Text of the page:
A growing number of Korean baby boomers who have retired from their main lifetime jobs are starting up microenterprises to earn a livelihood. But they are exposing themselves to the risk of poverty as their chances of success are low due to their lack of experience and unfavorable economic conditions.
In Korea, baby boomers refer to people born between 1955, two years after a truce agreement ended the Korean War, and 1963, the year when the nation began to implement a strict birth control program. The number of baby boomers is estimated at 7.1 million, or 14.6 percent of the nation’s total population.
The retirement of the baby boomer generation started last year with those born in 1955 reaching many firms’ mandatory retirement age of 55. This year, some 320,000 baby boomers are expected to leave work. From 2014, baby boomer retirees will outnumber university graduates.
A large proportion of these retirees seek post-retirement reemployment to make a living, given that they have not accumulated enough wealth to lead a comfortable life after retirement and the government’s social security support for old-age income is far from adequate.
But amid a tight job market and slowing economic growth, decent jobs available for these retired middle-aged people are few and far between. Hence they are compelled to start up a business to create jobs for themselves and make money to cover living expenses.
According to a report released by the state-run Korea Labor Institute, retired baby boomers are competitively jumping on the startup bandwagon. Most of them set up microenterprises ― businesses with fewer than five employees, often no employees other than the self-employed owner.
In the first half of this year, some 54,000 people in their 50s went into business on their own account, with a large majority starting up microenterprises. As a result, people in their 50s came to account for 55.7 percent of the nation’s entire microenterprise operators, up from 53.7 percent in December last year.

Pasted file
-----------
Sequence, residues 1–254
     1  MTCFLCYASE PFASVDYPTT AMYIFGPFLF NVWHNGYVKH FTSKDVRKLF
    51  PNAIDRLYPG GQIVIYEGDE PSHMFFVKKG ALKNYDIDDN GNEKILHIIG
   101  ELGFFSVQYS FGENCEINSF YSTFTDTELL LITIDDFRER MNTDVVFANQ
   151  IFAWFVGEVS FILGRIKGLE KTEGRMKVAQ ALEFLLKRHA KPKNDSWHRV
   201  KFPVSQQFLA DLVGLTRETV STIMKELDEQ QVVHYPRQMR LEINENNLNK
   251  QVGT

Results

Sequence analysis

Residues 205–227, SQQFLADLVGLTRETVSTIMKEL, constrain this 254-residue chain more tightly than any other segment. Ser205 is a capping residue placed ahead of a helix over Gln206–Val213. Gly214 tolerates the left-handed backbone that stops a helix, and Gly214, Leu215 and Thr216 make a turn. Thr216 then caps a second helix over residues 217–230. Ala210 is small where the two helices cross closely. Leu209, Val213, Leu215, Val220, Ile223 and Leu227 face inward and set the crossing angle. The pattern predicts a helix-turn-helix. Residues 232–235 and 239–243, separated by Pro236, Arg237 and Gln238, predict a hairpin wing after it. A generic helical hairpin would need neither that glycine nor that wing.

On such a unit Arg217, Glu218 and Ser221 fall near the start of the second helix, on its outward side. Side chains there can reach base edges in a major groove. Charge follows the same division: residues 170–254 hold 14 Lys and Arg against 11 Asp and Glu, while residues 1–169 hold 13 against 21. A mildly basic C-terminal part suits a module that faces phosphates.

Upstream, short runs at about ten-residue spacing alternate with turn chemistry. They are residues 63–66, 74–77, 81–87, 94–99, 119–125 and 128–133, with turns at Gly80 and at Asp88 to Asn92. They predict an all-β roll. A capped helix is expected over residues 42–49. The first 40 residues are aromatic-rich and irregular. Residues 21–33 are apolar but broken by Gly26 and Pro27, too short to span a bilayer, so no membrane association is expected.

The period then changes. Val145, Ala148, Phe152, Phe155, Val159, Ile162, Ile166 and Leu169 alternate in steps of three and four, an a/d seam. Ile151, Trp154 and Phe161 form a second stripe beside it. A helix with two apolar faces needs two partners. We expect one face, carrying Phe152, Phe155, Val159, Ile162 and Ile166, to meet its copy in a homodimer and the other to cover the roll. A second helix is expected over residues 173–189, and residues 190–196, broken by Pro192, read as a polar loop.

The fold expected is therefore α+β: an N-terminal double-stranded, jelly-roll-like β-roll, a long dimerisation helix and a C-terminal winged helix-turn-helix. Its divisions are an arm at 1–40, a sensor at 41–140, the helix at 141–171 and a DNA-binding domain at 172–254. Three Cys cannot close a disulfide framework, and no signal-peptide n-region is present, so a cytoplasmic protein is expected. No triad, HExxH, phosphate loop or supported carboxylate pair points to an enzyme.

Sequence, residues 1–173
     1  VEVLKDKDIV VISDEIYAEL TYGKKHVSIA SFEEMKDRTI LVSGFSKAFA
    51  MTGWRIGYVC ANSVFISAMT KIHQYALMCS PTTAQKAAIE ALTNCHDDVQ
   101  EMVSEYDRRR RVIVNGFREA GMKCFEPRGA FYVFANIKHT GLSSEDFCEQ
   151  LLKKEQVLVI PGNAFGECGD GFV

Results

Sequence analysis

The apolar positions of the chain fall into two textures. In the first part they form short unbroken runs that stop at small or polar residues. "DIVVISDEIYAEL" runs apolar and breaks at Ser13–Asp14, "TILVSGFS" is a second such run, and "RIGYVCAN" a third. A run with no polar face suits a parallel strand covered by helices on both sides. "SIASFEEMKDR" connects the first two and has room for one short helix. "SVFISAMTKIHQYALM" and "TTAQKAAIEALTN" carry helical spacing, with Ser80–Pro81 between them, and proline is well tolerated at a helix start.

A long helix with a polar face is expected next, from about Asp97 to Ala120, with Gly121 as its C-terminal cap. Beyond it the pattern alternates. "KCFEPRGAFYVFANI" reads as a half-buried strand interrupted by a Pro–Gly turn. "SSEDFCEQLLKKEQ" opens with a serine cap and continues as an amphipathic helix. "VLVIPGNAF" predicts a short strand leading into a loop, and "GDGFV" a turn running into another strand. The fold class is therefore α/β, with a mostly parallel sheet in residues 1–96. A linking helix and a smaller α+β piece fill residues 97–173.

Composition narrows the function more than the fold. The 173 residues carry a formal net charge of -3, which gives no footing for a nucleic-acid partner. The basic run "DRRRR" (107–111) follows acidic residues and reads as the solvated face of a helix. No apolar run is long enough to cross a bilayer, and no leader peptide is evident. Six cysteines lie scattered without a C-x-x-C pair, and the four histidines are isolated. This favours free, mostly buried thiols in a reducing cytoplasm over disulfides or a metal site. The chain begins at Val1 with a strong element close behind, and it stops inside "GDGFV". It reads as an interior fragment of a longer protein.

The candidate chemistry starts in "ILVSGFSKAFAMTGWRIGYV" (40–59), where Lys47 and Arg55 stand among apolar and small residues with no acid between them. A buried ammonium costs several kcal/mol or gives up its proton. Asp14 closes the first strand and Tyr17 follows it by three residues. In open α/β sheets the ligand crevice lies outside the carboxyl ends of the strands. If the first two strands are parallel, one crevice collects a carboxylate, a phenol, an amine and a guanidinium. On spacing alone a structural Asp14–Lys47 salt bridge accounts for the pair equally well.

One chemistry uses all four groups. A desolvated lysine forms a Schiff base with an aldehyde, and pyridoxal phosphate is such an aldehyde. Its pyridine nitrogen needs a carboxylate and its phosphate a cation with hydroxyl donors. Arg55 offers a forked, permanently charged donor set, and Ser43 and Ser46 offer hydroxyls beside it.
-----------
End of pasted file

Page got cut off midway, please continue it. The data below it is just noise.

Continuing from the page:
Most of these petty businesses are engaged in the wholesale/retail, hotel/restaurant, construction and personal services industries, areas that do not require highly specialized skills or large startup funds.
But these sectors are also marked by high bankruptcy ratios. The average survival ratio of subsistence businesses in the hotel/restaurant sector is known to be around 30 percent.
Hence the concentration of retired baby boomers in these crowded sectors is a cause for concern. If they fail in their new ventures, they could end up in poverty. Given their large number, their collective impoverishment could become a serious social problem.
In this respect, it is necessary for the government to come up with a support program tailored to the needs of these baby boomers. They need training and guidance from the initial stages because they lack the skills necessary to start up and operate a business. The need for such a program is all the greater as more baby boomers will retire going forward.
At the same time, it is also necessary for the government to help retiring baby boomers to start up technology-based new businesses, which have a much higher chance of success and contributing to job creation.